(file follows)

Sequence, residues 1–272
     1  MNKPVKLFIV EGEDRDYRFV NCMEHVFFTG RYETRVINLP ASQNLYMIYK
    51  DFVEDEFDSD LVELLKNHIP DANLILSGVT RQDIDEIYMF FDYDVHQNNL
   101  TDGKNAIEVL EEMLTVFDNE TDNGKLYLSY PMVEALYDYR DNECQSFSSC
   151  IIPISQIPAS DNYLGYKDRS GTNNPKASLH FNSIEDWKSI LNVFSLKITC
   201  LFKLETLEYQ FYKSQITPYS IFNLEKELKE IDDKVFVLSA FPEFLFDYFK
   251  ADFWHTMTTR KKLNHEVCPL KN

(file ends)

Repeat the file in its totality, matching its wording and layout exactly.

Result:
Sequence, residues 1–272
     1  MNKPVKLFIV EGEDRDYRFV NCMEHVFFTG RYETRVINLP ASQNLYMIYK
    51  DFVEDEFDSD LVELLKNHIP DANLILSGVT RQDIDEIYMF FDYDVHQNNL
   101  TDGKNAIEVL EEMLTVFDNE TDNGKLYLSY PMVEALYDYR DNECQSFSSC
   151  IIPISQIPAS DNYLGYKDRS GTNNPKASLH FNSIEDWKSI LNVFSLKITC
   201  LFKLETLEYQ FYKSQITPYS IFNLEKELKE IDDKVFVLSA FPEFLFDYFK
   251  ADFWHTMTTR KKLNHEVCPL KN